Decided by Supreme Court of India on 19th January 2022 (Reportable)

Facts

The Appellant, proprietor and holder of the trademark ‘RENAISSANCE’, had filed a suit against the Respondents for a permanent injunction against the use of the allegedly infringing trademark ‘SAI RENAISSANCE’, as well as any other mark identical to the Respondents’ mark, ‘RENAISSANCE’. The Appellant discovered two hotels being run by the Respondents, in Bangalore and Puttaparthi, and noted that it copied the style, signage, and the word ‘RENAISSANCE’.

The Respondents’ countered the claim stating that the term ‘RENAISSANCE’ was a generic word used widely, and the use of it by the Appellant had not gathered reputation. The Respondents also asserted their obliviousness to the fact that the mark was under use by the Appellant. The Trial Court held the Respondents’ mark to be infringing, and granted an injunction against its use by the Respondents, but denied the Appellant’s claim for damages.

The Respondents filed an appeal before the High Court, against the lower court’s decision. The High Court observed that the Appellant provided no evidence of a trans-border reputation for its mark, of any damage caused to its reputation or distinction of the mark, or of any unfair advantage taken by the Respondents. The High Court did not see any infringement, and allowed the appeal. Aggrieved by the same, the Appellant approached the Supreme Court.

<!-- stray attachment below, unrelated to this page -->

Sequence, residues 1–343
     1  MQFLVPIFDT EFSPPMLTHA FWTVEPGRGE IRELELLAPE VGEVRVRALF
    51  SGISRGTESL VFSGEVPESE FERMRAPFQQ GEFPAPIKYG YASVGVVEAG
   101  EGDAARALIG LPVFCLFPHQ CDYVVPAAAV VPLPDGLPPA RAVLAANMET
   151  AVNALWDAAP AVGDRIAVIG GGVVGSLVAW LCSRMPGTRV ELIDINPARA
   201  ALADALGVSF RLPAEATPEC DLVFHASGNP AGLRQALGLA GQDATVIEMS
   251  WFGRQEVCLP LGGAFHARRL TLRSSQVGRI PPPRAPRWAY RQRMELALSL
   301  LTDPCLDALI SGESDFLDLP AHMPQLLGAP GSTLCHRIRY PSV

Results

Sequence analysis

Issue

The issue before the Apex Court was to consider whether the decision of the High Court in overturning the decision of the Trial Court, and holding there to be no infringement of the Appellant’s trademark was valid.

Law

The Apex Court referred to S. 29 (1), (2) and (3) of the Trade Marks Act, 1999 (“Act”) to understand the infringement caused where a mark identical to a registered trademark was used. The Court also referred to S. 29(4)(c), to examine passing off, and to S. 30 for exploring the limits on the effect of a registered trade mark.

Analysis

While considering the High Court’s denial of an injunction against the Respondents, the Apex Court considered its decision in the case of Ruston v. Hornsby Ltd., in which it had held that, in case where there was an alleged infringement, the question to be considered was whether the defendant’s mark imitated or was an improper use of the plaintiff’s mark. An injunction would be passed once it was affirmed that the mark of the plaintiff was being improperly used by the defendant, and it was not necessary for the plaintiff to prove actual deception or damage caused by the defendant.

The Supreme Court noted that the High Court and the Trial Court agreed that the marks of the Appellant and the Respondents were identical and the services being offered were also of the same class. However, according to the Supreme Court, the High Court erred in holding that the Appellant’s mark had not gathered any reputation in India, or that the Appellant had not been able to prove dishonest use on part of the Respondents. The High Court, while relying on S. 29(4)(c), had further asserted that there was no likelihood of confusion due to the target class of consumers being completely different.